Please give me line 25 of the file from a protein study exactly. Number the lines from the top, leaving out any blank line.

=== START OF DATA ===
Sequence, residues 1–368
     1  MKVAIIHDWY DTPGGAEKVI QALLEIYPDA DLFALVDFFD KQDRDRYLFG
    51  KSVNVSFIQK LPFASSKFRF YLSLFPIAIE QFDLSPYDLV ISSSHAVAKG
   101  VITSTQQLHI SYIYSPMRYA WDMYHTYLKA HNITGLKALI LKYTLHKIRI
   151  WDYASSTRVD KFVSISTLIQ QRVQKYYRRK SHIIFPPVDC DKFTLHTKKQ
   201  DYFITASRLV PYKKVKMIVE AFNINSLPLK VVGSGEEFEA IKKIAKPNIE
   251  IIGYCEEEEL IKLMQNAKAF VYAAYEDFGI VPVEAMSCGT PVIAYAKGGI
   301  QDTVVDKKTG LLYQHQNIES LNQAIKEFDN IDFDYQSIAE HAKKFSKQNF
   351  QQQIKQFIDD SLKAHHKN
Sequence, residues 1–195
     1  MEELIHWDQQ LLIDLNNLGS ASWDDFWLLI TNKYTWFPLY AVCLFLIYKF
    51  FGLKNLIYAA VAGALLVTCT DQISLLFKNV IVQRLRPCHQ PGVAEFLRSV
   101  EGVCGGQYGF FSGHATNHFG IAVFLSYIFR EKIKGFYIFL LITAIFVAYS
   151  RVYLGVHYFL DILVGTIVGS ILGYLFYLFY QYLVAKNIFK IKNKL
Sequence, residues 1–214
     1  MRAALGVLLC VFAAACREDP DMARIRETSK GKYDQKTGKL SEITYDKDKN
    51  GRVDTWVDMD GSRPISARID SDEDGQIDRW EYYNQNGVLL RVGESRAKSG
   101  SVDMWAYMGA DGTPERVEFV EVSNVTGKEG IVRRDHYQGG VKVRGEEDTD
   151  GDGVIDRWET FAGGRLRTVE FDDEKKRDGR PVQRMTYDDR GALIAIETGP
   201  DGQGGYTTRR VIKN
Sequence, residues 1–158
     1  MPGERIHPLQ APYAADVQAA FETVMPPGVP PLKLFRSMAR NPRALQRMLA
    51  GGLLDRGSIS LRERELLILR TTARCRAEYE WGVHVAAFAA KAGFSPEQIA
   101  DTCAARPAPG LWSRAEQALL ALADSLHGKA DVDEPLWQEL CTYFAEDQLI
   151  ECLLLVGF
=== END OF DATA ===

   151  ECLLLVGF